McCain was having a convivial chat with adoring Chris Mathews on the telly before a university audience, when he was questioned about the Military Commissions Act Of 2006, just signed by the president, the president who passed the buck to senior officers regarding his having given permission to torture, the officers who then passed the buck to sergeants, corporals, and privates, who had no one to pass it to. The senator said it was a good compromise that precluded torture. Did he really believe that? Truly? And noticeably, nothing was said about the loss of habius corpus, the debasement of our constitutional rights. Does the senator’s ambitions prevent him from seeing that American citizens can be scooped up and detained without legal representation? Who will he pass the buck to if he is challenged about signing on to this loss of an individual’s right to face his or her accuser?
Maybe he should listen to George Washington U. Professor Of Constitutional Law, Jonathan Turley, who appeared on MSNBC’s Countdown, who said: “…people have no idea how significant this is. What really a time of shame this is for the American system. What the Congress did and what the president signed today essentially revokes over 200 years of American principals and values.”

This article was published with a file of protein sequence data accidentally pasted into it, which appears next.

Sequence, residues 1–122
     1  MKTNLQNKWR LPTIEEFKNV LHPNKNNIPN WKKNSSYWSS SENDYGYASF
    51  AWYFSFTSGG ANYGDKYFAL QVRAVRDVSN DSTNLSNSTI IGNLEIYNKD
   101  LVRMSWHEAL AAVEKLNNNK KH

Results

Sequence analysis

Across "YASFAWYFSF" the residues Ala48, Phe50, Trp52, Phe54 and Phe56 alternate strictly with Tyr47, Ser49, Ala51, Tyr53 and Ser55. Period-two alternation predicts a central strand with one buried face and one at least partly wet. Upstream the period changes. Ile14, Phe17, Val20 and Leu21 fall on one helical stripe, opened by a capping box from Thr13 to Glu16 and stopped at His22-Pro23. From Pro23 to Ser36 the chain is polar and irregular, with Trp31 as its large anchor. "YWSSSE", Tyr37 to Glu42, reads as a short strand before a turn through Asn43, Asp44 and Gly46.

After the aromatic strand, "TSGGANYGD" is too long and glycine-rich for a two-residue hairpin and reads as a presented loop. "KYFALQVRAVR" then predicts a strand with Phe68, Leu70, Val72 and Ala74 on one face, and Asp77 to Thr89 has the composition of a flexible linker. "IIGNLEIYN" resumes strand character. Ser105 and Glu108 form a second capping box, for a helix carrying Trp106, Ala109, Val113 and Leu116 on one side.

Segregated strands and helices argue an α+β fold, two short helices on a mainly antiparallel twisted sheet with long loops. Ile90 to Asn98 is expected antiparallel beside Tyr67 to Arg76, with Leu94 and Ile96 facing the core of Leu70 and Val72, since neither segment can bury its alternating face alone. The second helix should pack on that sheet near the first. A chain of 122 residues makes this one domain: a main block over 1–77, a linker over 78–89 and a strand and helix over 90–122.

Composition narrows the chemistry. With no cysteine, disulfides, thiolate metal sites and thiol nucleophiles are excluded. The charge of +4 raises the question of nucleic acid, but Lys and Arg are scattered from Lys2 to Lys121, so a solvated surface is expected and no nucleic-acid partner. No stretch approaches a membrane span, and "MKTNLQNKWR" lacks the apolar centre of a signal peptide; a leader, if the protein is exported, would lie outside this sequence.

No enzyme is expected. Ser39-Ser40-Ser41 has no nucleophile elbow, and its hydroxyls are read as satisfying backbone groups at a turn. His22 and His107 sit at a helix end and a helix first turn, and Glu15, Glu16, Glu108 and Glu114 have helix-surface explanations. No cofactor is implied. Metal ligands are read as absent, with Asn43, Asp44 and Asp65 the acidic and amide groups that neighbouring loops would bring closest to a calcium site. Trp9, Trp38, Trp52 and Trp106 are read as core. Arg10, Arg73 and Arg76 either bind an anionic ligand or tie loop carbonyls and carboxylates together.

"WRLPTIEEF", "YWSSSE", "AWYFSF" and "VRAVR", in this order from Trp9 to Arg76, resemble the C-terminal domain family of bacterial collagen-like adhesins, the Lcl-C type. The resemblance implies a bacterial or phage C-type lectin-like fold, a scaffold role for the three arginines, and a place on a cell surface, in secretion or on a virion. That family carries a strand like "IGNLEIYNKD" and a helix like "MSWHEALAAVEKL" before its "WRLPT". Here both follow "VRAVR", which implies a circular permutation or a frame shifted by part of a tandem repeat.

Today we have a disconnected Bush awash in insoluble problems, now avoiding his “staying the course” while trying to appear to be open to talk, to listen to military advisors and older sages (think James Baker), to be engaging allies, some of whom are the “old Europe” that he and Rumsfeld and Cheney had so arrogantly dismissed during their unilateral blunder. One can imagine the president now wildly thrashing about looking for others to which he can pass the host of bucks that threaten to slam into him like a barrage of artillery. If not now, later, in the written history of America, if we’re still free to write it.
In closing, I was reading a N.Y. Times book review of the Cold War secretary of state, Dean Acheson, by Robert L. Beisner. The review was penned by Henry A. Kissinger who at its end wrote of the theme of an Acheson speech at the War College in August 1951: “There was not ‘one more river to cross’ but ‘countless problems stretching into the future.’ … Americans must reconcile themselves to ‘limited objectives’ and work in congress with others, for an essential part of American power was the ‘ability to evoke support from others–an ability quite as important as the capacity to compel.’” (Italics mine).
You didn’t have to pass the buck when you had that kind of thinking.